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Flotation Costs

Costs incurred from the issuance of securities

What are Flotation Costs?

Flotation costs are the costs that are incurred by a company when issuing new securities. The costs can be various expenses including, but not limited to, underwriting, legal, registration, and audit fees. Flotation expenses are expressed as a percentage of an issue price.

 

Flotation Costs

 

After the flotation costs are determined by a company, the expenses are incorporated into the final price of the issued securities. Essentially, the incorporation of the costs reduces the final price of the issued securities and subsequently lowers the amount of capital that a company can raise.

The size of flotation expenses depends on many factors such as the type of issued securities, their size, and risks associated with the transaction. Note that the costs for issuing debt securities or preferred shares are generally lower than that for issuing common shares. The flotation costs for the issuance of common shares typically ranges from 2% to 8%.

 

Flotation Costs and Cost of Capital

The concept of flotation costs is strongly related to the concept of cost of capital. Since flotation expenses affect the amount of capital that can be raised by issuing new securities, the costs must somehow impact a company’s cost of capital. There are two main views regarding the matter:

 

Approach 1: Incorporate flotation costs into the cost of capital

The first approach states that the flotation expenses must be incorporated into the calculation of a company’s cost of capital. Essentially, it states that flotation costs increase a company’s cost of capital. Recall that the cost of capital of a company consists of the cost of debt and cost of equity. Thus, expenses costs affect the cost of capital by changing either cost of debt or cost of equity depending on a type of securities issued (e.g., issuance of common stock affects the cost of equity).

For example, let’s assume that a company issues new common shares. Before the transaction, a company’s cost of equity can be calculated using the following formula:

Cost of Equity - Formula

Where:

  • re – Cost of equity
  • D1 – Dividends per share one year after
  • P0 – Current share price
  • g – Growth rate of dividends

 

However, the issuance of new shares causes a company to incur flotation expenses. Thus, the current share price (denoted as ) must be adjusted for the effect of such costs.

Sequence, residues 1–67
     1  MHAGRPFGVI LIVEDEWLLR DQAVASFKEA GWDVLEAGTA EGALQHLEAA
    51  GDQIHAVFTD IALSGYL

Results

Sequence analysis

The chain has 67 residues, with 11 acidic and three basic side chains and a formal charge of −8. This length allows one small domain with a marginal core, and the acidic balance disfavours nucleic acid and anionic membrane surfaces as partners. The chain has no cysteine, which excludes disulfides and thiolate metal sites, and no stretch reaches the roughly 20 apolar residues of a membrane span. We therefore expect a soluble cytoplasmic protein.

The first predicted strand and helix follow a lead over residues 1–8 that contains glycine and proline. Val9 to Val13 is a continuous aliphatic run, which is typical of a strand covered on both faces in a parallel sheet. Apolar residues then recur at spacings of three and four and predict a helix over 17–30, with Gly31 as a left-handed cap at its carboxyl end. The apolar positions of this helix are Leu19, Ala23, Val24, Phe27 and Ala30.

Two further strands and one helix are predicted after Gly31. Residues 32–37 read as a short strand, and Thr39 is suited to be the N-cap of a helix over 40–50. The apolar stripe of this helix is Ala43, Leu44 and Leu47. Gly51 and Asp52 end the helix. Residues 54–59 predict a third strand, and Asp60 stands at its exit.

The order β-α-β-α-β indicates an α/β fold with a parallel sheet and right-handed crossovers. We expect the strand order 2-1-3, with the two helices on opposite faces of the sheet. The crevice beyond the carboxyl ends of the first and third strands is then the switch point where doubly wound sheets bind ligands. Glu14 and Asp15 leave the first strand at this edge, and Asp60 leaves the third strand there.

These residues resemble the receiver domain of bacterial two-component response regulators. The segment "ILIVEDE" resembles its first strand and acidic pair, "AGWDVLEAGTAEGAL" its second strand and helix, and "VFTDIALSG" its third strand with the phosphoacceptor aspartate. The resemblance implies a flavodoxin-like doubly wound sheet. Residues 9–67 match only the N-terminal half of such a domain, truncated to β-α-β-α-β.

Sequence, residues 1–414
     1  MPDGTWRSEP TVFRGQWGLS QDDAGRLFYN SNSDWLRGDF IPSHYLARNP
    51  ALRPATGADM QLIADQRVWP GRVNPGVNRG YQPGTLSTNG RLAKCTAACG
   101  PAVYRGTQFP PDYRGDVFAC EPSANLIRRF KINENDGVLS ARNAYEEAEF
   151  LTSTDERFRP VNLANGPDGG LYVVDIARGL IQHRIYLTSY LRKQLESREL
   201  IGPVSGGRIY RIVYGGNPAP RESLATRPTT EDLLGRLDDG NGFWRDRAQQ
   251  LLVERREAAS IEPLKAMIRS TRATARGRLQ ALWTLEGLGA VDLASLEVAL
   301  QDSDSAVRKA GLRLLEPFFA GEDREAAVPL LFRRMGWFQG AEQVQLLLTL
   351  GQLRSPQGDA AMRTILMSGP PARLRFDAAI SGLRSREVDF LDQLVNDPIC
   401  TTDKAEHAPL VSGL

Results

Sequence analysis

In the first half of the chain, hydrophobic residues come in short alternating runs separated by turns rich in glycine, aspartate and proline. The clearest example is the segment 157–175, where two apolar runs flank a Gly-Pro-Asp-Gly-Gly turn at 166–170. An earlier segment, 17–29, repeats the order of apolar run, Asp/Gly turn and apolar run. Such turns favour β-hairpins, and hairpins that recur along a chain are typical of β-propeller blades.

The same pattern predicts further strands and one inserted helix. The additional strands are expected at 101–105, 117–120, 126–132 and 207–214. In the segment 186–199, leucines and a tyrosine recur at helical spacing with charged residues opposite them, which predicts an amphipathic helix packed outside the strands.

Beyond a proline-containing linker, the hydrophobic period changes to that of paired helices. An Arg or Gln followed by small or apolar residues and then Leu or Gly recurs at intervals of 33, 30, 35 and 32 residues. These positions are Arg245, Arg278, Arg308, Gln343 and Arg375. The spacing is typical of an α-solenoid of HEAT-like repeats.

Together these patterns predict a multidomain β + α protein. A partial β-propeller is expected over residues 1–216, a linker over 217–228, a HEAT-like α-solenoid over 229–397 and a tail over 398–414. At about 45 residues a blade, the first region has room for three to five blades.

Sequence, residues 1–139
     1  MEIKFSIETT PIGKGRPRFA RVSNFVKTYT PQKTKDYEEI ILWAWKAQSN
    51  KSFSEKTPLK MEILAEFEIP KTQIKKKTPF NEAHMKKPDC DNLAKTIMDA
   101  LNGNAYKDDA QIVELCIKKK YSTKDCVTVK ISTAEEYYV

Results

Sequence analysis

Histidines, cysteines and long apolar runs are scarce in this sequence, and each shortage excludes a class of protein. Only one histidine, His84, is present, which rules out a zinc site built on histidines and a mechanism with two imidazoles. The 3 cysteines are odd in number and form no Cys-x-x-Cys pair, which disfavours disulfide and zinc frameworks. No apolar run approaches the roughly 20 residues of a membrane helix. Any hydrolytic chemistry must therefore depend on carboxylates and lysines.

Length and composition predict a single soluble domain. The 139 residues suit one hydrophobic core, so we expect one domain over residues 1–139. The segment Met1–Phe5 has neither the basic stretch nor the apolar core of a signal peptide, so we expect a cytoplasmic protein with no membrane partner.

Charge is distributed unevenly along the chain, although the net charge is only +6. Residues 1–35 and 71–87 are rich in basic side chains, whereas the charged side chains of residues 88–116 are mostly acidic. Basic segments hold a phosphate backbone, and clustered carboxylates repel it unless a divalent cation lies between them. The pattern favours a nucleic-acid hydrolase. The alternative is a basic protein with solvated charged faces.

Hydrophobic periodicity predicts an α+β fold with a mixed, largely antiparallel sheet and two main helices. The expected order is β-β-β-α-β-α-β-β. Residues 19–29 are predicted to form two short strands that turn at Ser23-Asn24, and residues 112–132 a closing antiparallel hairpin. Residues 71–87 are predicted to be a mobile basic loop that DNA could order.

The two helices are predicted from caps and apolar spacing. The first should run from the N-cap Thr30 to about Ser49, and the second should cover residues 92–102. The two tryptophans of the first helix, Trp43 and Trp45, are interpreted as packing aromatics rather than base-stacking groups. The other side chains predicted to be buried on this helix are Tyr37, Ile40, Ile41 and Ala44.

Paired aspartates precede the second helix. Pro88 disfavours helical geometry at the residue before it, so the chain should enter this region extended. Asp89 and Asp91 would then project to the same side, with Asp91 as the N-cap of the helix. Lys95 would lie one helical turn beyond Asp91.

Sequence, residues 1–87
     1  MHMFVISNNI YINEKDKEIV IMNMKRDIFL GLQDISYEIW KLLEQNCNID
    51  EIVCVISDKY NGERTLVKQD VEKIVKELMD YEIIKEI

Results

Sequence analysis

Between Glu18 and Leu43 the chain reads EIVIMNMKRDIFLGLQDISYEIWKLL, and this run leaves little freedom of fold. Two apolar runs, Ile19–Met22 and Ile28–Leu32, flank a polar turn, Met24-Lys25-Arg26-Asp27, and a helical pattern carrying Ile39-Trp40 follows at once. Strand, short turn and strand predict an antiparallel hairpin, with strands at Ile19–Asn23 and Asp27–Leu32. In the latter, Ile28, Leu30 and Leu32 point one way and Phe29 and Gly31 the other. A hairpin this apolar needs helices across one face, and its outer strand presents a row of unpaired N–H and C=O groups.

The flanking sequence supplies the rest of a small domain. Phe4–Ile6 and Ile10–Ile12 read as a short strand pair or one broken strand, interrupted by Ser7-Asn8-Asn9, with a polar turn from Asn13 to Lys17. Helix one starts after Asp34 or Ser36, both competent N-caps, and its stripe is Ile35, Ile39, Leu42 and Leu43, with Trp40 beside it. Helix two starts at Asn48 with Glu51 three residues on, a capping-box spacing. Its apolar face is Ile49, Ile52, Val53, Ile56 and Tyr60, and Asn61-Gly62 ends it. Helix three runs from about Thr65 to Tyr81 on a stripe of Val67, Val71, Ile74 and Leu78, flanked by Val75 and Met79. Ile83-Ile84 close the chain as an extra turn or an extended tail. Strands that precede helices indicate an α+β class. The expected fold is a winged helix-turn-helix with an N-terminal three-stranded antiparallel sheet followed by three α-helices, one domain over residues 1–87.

As a result, the cost of equity formula adjusted for the flotation costs will look:

Adjusted Cost of Equity - Formula

Where:

  • re – Cost of equity
  • D1 – Dividends per share one year after
  • P0 – Current share price
  • g – Growth rate of dividends
  • f – Flotation cost (in percentage)

Nevertheless, the abovementioned approach is not accurate because the incorporation of flotation expenses does not depict the actual picture. In such a scenario, the cost of capital is overstated by the percentage of flotation expenses incurred. However, the costs of flotation are non-recurring expenses that are incurred by a company only once when new securities are issued.

 

Approach 2: Adjust the company’s cash flows

Alternatively, the second approach is to adjust the company’s cash flows for the flotation expenses. Unlike the first method, the adjustment approach does not modify the actual cost of capital. Instead, a company deducts the costs from the cash flows that are used in the calculation of net present value (NPV).

The cash flow adjustment method was initially suggested by John R. Ezzell and R. Burr Porter in the article “Flotation Costs and Weighted Average Cost of Capital.” The main idea behind the method is that the costs are only the one-time expenses paid to the third parties.

The approach of deducting the flotation expenses from the company’s cash flows is more appropriate than the direct incorporation of the costs into a cost of capital because it considers a one-time nature of the expenses. Simultaneously, a company’s cost of capital remains unaffected by the flotation expenses, and it is not overstated.

 

Additional Resources

CFI is the official provider of the global Financial Modeling & Valuation Analyst (FMVA)™ certification program, designed to help anyone become a world-class financial analyst. To keep advancing your career, the additional resources below will be useful:

  • Capital Raising Process
  • Initial Public Offering (IPO)
  • Offering Memorandum
  • Retainer Fee

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